October 2, 2018
Understanding an attacker and the various methods used for attempting to access or modify systems or software, makes it easier for us to protect our systems. We have to be able to build resistance against these methods and also be able to detect incidents at the right time, that can indicate something is about to happen. Therefore I’ve written 10 more or less creative ways to put in back doors. There are of course more ways, but these are a few cases.
1. Simply a programming error?
If you get a developer to set up a back door. It can be so subtle, you might mistake it for a programming error. Occasionally, vulnerabilities are detected in software that could actually be backdoors. The modifications are small and usually, these are done outside of the usual pattern in which the developer works, or the time frame where the code is checked in.
The code below is an example from 2003 where the code got identified inside the Linux kernel:
|if ((options == (__WCLONE | __WALL)) && (current-> uid = 0)) retval = -EINVAL;|
Can you see what's wrong here?
In the case of Internet of Things, this is common. A rear door that may give permission for troubleshooting so that the manufacturer can access the product afterwards and check. This also allows an attacker to use these privileges. Botnet Mirai used 60 different hard-coded usernames with their respective passwords.
How common is it that you verify files you download from the internet? While not many people do this, the harmful code OnionDuke took advantage of it in the worst possible way. It was installed in at least one place in the Tor's anonymization network, making sure downloaded files automatically received an additional codeclock, as well as the legitimate software that was downloaded.
Violating software that handles source code is something that also occurs. Or trying to enforce usernames and passwords to popular central locations such as Github. This action is quite similar to item number 10 on this list. But the difference here is that the attacker himself does it against the source tree instead of using an insider.
It becomes more common for organizations to use building systems such as Jenkins, CircleCI and Bamboo. These building systems can be identified as well as attacked as they are often a key point in a developmental flow. Also, these tools can sign code which can be dangerous in the event where the malicious code also gets signed.
This action can be used in conjunction with the other actions in the sense that no new binary code is introduced into the system. This makes it more difficult to conduct outreach activities such as Threat Hunting or antivirus software to detect the malicious code. It may involve using powershell, Windows Script Host (WSH), or Windows Management Instrumentation (WMI).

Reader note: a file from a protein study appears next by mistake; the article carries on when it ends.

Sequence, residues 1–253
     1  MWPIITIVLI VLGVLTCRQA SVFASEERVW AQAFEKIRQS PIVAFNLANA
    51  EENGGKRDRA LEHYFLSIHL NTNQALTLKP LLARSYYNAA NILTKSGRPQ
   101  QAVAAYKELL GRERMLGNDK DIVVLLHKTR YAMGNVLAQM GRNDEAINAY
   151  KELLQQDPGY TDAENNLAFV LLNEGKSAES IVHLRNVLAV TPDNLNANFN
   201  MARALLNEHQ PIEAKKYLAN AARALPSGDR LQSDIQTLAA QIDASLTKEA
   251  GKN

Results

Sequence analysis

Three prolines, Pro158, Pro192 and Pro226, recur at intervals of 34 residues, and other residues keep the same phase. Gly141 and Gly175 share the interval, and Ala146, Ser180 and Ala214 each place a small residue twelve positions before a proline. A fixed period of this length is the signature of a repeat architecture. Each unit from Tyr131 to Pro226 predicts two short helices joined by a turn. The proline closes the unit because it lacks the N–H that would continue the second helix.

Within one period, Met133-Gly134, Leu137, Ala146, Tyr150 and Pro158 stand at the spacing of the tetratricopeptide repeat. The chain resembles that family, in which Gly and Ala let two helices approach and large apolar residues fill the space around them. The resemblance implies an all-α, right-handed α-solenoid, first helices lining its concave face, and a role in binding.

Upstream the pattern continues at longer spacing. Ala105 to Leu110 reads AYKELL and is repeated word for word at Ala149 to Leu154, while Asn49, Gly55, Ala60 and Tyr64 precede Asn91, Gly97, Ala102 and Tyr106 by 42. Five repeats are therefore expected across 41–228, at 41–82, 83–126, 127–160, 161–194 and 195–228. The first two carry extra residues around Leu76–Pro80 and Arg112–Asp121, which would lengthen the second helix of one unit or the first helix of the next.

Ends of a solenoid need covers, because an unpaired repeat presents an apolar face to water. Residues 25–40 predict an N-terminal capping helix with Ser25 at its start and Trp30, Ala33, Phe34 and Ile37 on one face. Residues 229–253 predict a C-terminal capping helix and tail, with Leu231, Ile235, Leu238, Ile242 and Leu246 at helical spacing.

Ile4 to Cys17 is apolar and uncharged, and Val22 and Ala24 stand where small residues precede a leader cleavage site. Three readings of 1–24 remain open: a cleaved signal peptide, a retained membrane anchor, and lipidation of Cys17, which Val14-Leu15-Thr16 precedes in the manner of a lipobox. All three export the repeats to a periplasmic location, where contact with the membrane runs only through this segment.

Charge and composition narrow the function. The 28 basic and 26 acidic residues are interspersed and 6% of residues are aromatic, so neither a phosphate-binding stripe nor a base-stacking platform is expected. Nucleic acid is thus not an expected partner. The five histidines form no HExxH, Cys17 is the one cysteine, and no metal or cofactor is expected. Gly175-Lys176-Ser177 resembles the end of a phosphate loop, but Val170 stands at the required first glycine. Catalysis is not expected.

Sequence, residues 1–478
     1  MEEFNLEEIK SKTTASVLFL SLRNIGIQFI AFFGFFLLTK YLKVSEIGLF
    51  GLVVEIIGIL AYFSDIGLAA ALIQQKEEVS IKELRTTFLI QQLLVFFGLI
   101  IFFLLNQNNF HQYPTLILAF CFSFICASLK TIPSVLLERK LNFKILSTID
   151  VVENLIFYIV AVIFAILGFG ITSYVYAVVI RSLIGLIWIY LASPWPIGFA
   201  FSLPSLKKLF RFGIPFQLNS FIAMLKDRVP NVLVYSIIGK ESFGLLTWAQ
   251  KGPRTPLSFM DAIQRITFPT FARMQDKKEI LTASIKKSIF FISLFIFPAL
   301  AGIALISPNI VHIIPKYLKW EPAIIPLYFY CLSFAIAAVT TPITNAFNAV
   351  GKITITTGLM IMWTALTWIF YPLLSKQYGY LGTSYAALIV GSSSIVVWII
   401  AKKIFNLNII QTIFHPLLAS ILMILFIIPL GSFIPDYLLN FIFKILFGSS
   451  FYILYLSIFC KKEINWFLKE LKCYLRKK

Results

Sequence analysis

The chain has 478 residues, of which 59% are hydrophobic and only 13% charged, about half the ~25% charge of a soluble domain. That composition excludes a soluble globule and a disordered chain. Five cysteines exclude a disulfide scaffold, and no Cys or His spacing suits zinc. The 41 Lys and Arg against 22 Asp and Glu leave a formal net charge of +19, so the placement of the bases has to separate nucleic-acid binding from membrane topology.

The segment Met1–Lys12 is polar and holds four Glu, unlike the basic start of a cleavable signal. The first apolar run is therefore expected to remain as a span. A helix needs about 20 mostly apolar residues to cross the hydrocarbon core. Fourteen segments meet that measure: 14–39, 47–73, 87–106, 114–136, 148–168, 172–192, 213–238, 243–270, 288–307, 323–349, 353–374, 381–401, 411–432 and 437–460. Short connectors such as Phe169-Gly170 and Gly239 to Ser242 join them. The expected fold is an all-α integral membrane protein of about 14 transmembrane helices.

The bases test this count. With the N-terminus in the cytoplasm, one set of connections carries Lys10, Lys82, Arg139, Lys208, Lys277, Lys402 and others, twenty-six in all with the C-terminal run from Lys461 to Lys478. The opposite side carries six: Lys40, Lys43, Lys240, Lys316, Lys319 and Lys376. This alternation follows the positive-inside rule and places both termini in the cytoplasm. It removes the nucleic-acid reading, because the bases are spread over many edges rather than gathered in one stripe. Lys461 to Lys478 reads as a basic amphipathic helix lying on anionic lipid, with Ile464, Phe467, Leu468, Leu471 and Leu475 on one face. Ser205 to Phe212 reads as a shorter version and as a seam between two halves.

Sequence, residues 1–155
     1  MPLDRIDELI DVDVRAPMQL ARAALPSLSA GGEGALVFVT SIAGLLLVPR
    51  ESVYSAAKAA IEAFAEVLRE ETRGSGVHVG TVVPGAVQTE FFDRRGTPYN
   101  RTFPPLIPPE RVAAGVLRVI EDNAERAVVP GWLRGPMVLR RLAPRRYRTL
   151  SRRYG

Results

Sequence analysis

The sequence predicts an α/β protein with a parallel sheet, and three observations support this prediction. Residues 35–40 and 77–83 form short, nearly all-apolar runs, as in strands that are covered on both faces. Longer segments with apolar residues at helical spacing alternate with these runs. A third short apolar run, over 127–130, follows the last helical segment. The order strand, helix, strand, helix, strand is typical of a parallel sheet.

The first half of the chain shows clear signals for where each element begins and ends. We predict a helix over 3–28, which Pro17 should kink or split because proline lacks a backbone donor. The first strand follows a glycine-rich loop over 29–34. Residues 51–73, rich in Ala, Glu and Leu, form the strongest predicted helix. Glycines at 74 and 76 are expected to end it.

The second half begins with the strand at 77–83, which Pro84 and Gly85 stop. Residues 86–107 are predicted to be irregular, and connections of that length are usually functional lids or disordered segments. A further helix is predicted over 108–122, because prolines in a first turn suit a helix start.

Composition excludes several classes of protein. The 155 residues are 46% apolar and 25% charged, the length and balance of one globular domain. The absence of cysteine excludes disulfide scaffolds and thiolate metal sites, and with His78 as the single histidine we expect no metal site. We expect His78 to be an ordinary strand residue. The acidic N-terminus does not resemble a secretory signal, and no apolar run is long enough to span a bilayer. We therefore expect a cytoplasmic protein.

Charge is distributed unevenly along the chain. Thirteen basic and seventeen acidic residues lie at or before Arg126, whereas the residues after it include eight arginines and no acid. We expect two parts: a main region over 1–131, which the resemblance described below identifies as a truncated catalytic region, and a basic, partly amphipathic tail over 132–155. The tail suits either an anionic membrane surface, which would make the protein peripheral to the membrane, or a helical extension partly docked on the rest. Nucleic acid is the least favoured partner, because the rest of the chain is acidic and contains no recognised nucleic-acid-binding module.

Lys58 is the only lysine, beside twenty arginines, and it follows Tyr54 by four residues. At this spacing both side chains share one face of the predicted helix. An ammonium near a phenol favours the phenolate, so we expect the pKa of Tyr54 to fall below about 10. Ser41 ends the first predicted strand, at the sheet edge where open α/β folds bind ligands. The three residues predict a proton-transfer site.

The attacker wants to make it difficult to identify backdoors to the greatest extent. There are more difficult places to search for malicious code such as BIOS, hard disk firmware, graphics card, network adapter or similar places. If it is even possible to detect manipulation at these locations, few security software controls these areas at all.
This is a very old attack that dates back to 1984 and it’s known as The Ken Thompson Hack. But it was observed as recently as in 2015, where they named it XcodeGhost, due to being identified in Apple's Xcode compiler. All software that was compiled then automatically got a back door, and in the latter case, it was a number of popular iOS software, compiled with the Xcode compiler that contained a backdoor.
There have been reports of burglaries at UPS and other similar delivery companies where equipment from network providers such as Cisco has been located for a short time period. Nothing had been stolen, but there was suspicion of someone modifying the Cisco routers. These suspicions also coincided with the release of a picture showing, what is said to be NSA employees, unauthorized modifying a cardboard box with the Cisco logo.
Affecting a standard is not something that is easy, but something that must be preceded by many years of lobbying. However, this was achieved by the NSA when they got Dual_EC_DRBG in both ANSI X9.82 and NIST SP 800-90. Even so, the company RSA entered Dual_EC_DRBG as the random number generator in its crypto library BSAFE. Also an extension named Extended Random was implemented, which would make it even easier to use Dual_EC_DRBG. This add-on was identified in BSAFE's Java implementation through reverse engineering.